Author (Huie) and Ray, and each of them do hereby forever release and discharge Hanes from any and all claims, demands, actions and causes of action which they or either of them, but for this release, might now have or hereafter might have against Hanes under or pursuant to said Basic Agreement, the Assignment Agreement or any other agreements or contracts, written or oral, heretofore entered into between said parties or any of them with respect to the subject matter of said Basic Agreement.
Several days later, on February 3, 1969, Ray assigned all his rights under the various contracts to Foreman as the latter's fee. On the day before Ray pled guilty, Foreman wrote him, in part, as follows:
This will shorten the trial considerably. In consideration of the time it will save me, I am willing to make the following adjustment of my fee arrangement with you:
If the plea is entered and the sentence accepted and no embarrasing circumstances take place in the court room, I am willing to assign to any bank, trust company or individual selected by you all my receipts under the above agreement in excess of $165,000.00.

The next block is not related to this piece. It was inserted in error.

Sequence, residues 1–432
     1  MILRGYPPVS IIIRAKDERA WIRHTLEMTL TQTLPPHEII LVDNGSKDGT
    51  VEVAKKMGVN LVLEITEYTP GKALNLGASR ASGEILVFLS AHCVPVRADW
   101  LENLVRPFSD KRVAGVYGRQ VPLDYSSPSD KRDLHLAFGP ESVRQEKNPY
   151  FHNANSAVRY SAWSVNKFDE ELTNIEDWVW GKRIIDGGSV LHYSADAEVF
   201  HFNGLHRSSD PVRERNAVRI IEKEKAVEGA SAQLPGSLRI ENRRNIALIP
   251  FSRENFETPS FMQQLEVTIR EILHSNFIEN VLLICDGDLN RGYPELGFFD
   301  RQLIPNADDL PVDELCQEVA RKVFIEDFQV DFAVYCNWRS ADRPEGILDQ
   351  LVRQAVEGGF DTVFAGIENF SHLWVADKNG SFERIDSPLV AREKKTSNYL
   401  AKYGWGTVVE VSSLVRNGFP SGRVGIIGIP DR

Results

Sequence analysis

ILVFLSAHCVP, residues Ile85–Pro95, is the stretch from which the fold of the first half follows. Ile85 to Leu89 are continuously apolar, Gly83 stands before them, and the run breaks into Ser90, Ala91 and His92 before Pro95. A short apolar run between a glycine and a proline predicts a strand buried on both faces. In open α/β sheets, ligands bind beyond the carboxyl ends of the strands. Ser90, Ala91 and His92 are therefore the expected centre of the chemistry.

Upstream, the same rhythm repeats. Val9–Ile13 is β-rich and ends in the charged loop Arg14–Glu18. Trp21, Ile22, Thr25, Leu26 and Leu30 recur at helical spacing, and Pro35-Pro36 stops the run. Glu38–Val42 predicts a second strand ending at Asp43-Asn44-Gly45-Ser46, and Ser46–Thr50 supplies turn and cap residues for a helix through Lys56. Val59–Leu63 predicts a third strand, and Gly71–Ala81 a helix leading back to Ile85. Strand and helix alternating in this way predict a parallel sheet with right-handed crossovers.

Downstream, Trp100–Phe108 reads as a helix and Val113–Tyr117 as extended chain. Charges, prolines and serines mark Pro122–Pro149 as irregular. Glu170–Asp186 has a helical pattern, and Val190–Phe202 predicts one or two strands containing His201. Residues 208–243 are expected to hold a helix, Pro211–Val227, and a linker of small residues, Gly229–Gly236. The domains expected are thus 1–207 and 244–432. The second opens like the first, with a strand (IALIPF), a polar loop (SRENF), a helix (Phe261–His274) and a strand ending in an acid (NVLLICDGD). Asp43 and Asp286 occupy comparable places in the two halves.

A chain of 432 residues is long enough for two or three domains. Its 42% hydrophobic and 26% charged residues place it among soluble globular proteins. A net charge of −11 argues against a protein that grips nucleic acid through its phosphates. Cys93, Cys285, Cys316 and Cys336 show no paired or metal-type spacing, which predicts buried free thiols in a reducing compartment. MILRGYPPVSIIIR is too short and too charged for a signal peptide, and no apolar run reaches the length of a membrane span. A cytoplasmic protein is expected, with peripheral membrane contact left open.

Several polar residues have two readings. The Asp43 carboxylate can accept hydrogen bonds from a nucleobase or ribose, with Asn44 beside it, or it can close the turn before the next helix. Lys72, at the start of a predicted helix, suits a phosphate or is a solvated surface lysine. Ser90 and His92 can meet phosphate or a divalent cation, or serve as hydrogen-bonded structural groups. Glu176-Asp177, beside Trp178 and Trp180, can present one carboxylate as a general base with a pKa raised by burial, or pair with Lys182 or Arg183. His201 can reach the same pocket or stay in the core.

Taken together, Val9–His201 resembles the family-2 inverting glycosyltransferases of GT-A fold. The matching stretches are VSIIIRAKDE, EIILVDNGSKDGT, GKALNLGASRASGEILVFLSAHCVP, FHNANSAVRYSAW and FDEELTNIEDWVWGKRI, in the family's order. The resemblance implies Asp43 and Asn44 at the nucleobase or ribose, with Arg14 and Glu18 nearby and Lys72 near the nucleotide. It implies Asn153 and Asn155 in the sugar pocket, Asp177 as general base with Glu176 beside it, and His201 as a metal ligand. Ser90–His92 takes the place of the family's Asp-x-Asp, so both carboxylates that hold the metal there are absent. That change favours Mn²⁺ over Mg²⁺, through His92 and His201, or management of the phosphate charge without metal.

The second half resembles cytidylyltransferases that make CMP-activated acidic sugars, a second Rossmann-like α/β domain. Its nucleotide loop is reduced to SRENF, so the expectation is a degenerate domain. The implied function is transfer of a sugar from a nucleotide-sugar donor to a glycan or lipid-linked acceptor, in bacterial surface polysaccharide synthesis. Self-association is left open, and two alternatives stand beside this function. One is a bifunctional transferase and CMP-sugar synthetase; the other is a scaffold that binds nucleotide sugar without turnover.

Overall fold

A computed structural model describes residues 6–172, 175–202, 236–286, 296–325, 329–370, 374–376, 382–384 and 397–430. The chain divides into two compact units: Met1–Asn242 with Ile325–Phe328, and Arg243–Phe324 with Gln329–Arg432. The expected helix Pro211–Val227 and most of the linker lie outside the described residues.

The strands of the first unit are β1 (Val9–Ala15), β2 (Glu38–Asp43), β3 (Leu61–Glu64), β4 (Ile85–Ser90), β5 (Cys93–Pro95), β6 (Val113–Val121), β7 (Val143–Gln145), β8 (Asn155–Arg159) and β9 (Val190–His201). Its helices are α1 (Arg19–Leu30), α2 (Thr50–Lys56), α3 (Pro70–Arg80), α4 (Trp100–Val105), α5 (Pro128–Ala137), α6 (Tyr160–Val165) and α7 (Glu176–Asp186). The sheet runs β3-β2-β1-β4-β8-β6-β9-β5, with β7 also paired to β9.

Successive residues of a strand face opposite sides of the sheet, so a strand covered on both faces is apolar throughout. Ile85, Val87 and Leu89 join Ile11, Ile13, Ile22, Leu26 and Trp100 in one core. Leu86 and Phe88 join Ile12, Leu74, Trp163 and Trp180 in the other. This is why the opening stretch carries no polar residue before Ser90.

On July 18, 1969, several months after Ray's conviction, he brought this action in the United States District Court. The apparent1 gravamen of Ray's case is that Hanes, Huie, and Foreman used their positions of trust to impose these contracts on Ray against his will, placed their own financial interests in the contracts ahead of Ray's interests as a defendant, and conspired to violate his right to a fair trial, in violation of the duty imposed on attorneys by Tennessee law, and in contravention of the Civil Rights Act, 42 U.S.C. 1985. The relief sought is primarily injunctive and equitable: Ray asks for preliminary and permanent injunctions barring defendants 'from further exposure of the alleged facts surrounding the slaying of Martin Luther King, insofar as such facts affect the petitioner or purport to involve the petitioner with said killing.' In addition, appellant seeks a declaratory judgment declaring the several contracts to be null and void. We observe that petitioner does not seek money damages,2 nor is this an action for release from custody-- although some of the allegations in his petition are suggestive of those often made in support of claims of deprivation of effective assistance of counsel.